MAPPING MISSION

MAPPING MISSION

he space shuttle Endeavour made a perfect landing at the Kennedy Space Center in Florida this week after a successful mission. It was the kind of event that doesn't raise too many eyebrows in America any more. But this one should.

The job of the shuttle and its six-astronaut crew was to map much of the planet Earth. And it did that - with precision that was almost as remarkable as the breadth of the job and the speed with which it was accomplished.Using two radar antennas, the Endeavour mapped most of the planet. It measured nearly every significant feature on the earth's surface - mapping 46 million square miles of land masses - at least once, and many of them twice. It did the job despite a technical difficulty that complicated the work and burned up far more fuel than planned. And it did it all over the course of an 11-day voyage.

Compare that with the work of another vessel named the Endeavour more than two centuries ago. A 98-foot-long sailing ship that had hauled coal for four years, it was sent out in 1768 by the Royal Society and the British Admiralty on the first scientific expedition to the Pacific Ocean. Its commander was a seaman named James Cook.

The Endeavour headed to Tahiti to observe and chart the transit of the planet Venus across the face of the Sun. Then it explored the vast Pacific, discovering and charting New Zealand and successfully navigating the Great Barrier Reef off the Austalian coast. The Endeavour's tools included sextants, but it didn't even have a chronometer.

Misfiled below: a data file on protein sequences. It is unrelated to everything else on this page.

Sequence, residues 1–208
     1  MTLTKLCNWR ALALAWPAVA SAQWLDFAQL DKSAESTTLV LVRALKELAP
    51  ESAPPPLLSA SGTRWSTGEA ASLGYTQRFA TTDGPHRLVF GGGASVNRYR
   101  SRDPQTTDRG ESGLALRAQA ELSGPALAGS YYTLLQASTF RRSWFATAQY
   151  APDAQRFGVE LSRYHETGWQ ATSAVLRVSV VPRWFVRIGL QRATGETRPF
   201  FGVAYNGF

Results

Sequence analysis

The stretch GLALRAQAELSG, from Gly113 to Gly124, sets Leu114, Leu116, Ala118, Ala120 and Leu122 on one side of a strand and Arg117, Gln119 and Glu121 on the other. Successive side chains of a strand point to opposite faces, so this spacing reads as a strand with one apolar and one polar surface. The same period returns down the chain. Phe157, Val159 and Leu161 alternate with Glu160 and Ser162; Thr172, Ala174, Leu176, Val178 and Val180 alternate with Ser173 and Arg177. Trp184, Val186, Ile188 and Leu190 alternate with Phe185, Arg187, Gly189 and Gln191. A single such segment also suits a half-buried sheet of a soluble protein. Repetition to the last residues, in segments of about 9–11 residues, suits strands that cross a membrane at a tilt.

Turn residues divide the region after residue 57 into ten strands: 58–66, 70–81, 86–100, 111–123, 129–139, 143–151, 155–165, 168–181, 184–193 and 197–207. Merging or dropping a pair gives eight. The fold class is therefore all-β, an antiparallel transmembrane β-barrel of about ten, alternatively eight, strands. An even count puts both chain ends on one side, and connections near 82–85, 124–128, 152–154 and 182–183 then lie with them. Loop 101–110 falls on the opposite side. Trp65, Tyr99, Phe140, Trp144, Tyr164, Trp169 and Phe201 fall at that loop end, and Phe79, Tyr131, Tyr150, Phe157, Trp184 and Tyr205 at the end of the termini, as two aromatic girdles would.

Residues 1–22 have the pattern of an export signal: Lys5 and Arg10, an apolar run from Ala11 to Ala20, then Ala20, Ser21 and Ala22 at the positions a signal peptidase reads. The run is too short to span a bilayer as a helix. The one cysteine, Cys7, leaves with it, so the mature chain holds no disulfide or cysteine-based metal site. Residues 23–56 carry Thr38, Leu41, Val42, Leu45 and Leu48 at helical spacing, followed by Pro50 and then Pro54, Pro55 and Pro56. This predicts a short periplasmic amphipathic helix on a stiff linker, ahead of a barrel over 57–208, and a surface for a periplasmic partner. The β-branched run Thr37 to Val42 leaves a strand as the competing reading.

Or consider another seaman more than 250 years before that: Amerigo Vespucci, whose name eventually tagged both continents of the Western Hemisphere. Vespucci is widely known for his explorations in the New World. But he also is credited with coming up with a way to determine longitude with a fair degree of accuracy. Before him, it was figured by dead reckoning, a traditional arithmetical system one step up from a seat-of-the-pants approach.

In short, mapping for centuries has been a long, tedious affair, as well as an often-perilous one. And because of the limitations of information-gathering, inaccuracies have been part of it. Even after aerial photography came into use following World War II and gave the world a better, much more comprehensive look at itself, the picture was far from perfect.

The space shuttle Endeavour and its 11-day mission have sharply changed that. Only 2 percent to 3 percent of the planet's surface has been mapped with the high degree of resolution that NASA aimed for on this effort.

It will take a year or more to process the 330 digital cassettes full of information - enough data to fill 20,000 compact disks - that the Endeavour brought back. But the result is expected to be the most detailed and comprehensive topographic maps that have ever been made.

To be sure, the best and most accurate products of the effort will be used by the intelligence community and are likely to stay classified; after all, the National Imagery and Mapping Agency, which serves U.S. defense and intelligence units, was NASA's partner in the mission.

But much of the effort will still be able to be made public. And the gains in information and technology will ultimately benefit global navigation, geography and geology.

The blase public reaction notwithstanding, NASA, the mapping agency and the shuttle crew deserve credit for a voyage of discovery for the new century.